Monks along the Mekong

We ate a lot of fish, but we didn't have much luck catching them

Wednesday, February 8, 2012

The Four Food Groups of Cambodia

          Ever diligent in maintaining my renown soccer match fitness, I present to you the secret I've discovered to promote good health and well being while traveling in Southeast Asia - The Four Food Groups of Cambodia:

The Frog Torso Group

The Live Ants and Larva Group

The Fried Tarantula Group

The freshly-shelled Duck Fetus Group

          Independent research has concluded that strict adherence to this well-balanced diet will lead to significantly increased attraction from the opposite-sex, as well as rejuvenated ferocity in the bedroom.

          However, the good people at Andrew Aboard have been unable to confirm any of the above claims.

Saturday, February 4, 2012

A Weekend in the Countryside

            Disclaimer: Let me first tell you that as I write this, Monday the 30th, I have spent the last two weeks visiting/being visited by countless relatives and people, so if I can't recall their name or who they are and refer to them as “the relatives” or “a relative”, please forgive me.

When I think of Vietnam, I don't usually think Pine trees and fog (I associate that more with Oregon), but that's exactly what I got on the weekend of the 14th. Tet was upon us and it was time to visit relatives, so my family brought me to my Host mother’s town, around 50 miles northwest of Hanoi.

Graves overlooking a beautiful lake
            We boarded our train at around 6 am on Saturday, not the most pleasant departure time, but we had a lot of things to do once we got to town, so it was a necessary sacrifice. Let me tell you, These Vietnamese commuter trains are no Bullet trains. They have a max. speed of around 25 miles an hour, and I’m fairly confident that the cars haven’t been replaced since before the war.  They also have bars across the windows, to prevent any escape from the ridged wooden park benches that substitute as train seats. Of course they are equipped with the classic ‘hole’ toilet that dumps directly onto the tracks, because it doesn't smell bad enough along the tracks already.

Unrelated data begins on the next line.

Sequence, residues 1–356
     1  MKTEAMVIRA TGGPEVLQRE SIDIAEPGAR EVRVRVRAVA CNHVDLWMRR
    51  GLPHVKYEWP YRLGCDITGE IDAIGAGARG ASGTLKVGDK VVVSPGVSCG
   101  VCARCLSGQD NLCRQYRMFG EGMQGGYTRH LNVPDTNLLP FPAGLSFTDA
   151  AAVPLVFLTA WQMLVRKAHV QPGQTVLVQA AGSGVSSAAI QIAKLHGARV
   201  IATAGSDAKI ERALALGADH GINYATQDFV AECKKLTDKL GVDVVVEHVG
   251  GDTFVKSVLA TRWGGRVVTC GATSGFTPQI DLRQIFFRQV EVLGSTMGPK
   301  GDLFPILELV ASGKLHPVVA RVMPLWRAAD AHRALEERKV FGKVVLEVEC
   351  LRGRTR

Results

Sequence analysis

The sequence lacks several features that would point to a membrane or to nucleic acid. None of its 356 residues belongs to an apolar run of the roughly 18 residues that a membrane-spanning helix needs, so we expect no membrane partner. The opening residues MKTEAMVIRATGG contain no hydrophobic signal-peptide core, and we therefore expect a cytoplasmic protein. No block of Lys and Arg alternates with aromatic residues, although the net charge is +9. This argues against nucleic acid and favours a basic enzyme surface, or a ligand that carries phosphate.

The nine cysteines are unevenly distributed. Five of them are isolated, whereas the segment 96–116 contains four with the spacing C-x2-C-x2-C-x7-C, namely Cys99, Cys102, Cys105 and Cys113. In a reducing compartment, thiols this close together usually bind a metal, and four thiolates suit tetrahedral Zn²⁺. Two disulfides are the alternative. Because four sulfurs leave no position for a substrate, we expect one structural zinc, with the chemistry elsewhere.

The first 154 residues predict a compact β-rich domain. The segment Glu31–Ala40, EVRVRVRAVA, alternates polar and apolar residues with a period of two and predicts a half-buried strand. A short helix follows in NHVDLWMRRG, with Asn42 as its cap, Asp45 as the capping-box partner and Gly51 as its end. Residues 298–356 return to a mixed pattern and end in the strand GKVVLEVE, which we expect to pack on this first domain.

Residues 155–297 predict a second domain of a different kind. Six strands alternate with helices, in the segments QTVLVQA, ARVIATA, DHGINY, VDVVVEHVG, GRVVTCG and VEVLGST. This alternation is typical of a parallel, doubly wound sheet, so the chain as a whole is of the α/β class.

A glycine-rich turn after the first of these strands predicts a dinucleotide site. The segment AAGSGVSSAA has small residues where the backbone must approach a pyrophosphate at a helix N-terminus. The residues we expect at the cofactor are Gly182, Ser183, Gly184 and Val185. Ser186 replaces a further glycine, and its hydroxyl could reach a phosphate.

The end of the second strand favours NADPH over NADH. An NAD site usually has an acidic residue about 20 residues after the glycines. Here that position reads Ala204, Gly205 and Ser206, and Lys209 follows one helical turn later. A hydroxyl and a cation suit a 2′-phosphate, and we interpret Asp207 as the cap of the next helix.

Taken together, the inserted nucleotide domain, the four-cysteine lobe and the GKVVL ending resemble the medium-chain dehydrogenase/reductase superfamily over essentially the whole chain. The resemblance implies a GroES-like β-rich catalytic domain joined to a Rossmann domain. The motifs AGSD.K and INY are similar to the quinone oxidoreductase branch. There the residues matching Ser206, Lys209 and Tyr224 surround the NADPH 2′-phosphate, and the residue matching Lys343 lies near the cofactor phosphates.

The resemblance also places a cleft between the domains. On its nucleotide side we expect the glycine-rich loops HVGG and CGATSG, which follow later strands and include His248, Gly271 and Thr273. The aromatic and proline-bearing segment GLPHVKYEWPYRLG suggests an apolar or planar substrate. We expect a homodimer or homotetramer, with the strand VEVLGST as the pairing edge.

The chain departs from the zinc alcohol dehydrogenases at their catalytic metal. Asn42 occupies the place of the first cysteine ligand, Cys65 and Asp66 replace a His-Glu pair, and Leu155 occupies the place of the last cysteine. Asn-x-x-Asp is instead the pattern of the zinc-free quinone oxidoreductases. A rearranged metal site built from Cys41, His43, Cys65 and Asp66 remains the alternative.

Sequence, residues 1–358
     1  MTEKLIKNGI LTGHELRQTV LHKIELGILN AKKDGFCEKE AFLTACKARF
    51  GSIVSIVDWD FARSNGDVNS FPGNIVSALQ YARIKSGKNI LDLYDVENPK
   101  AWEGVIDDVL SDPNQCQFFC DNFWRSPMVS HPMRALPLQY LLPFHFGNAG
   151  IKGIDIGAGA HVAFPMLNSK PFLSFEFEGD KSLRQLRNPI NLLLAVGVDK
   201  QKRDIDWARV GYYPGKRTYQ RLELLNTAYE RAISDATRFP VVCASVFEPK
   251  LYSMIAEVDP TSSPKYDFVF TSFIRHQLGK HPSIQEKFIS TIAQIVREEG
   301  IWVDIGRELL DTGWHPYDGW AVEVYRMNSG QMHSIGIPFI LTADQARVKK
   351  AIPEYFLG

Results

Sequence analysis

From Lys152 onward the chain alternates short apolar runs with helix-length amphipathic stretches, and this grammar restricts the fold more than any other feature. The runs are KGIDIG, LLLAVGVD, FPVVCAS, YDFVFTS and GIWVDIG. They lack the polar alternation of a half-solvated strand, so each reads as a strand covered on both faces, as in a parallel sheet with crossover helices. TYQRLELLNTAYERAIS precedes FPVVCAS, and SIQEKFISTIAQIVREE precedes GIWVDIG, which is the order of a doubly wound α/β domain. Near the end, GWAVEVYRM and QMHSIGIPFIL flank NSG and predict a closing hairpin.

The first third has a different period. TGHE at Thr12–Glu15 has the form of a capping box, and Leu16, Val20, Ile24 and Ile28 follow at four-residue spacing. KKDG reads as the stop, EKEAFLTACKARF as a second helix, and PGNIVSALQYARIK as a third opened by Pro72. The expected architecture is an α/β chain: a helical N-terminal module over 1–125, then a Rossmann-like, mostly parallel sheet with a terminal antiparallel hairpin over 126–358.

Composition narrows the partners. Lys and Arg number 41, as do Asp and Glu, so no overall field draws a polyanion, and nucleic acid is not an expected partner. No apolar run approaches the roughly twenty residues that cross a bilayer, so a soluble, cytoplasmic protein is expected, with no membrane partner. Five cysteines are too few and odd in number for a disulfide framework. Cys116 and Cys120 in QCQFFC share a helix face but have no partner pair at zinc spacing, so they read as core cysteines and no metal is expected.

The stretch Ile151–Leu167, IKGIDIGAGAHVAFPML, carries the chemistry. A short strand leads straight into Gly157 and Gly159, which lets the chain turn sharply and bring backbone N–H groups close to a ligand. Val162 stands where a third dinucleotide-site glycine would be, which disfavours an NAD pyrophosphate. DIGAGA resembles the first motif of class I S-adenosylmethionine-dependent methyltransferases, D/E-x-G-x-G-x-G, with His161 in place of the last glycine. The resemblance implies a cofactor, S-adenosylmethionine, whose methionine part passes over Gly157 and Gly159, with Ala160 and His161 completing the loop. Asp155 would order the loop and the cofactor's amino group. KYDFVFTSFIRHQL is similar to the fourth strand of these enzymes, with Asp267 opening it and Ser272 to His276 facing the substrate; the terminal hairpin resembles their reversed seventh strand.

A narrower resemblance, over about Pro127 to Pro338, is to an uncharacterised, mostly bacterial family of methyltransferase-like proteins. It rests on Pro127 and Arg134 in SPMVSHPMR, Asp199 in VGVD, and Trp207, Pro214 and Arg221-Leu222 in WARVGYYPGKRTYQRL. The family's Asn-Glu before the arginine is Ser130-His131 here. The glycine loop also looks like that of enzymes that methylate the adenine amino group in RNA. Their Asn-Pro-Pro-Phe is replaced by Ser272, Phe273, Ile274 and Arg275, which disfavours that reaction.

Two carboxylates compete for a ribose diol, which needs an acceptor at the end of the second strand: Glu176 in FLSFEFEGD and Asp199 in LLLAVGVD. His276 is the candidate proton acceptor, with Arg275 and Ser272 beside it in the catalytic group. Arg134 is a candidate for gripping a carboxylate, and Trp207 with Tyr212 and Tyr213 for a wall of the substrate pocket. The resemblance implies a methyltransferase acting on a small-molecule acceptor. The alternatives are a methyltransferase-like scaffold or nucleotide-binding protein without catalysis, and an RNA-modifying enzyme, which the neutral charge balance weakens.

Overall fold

Of course some of this is exaggerated, well, actually it isn’t now that I think about it…  Even Amtrak puts this train to shame.

The temple in all of its majesty 
            So after about 3 and a half hours aboard, we finally disembarked at the Ga Phú Tho (Phu Tho railroad station). We were met by some relatives, who showed us the way to their house. Once there, we were introduced to some more relatives, like my host mom’s siblings, her aunt and others. After a round of tea, we met some more relatives, who took us out to the family grave site, located in a quite pasture overlooking a fog covered lake, surrounded by tall pine trees, it was quite surreal in the late morning mist. Buried there were her grandparents and father. Her grandmother lived to be 96! Which is incredible for a person living in 20th century Vietnam. She lived in 3 different countries and didn't even have to move out of the house; colonial France, North Vietnam, and finally, Vietnam. That must have been quite extraordinary to live through. We then lit some incents for them and said some prayers, and continued on with our countryside adventure.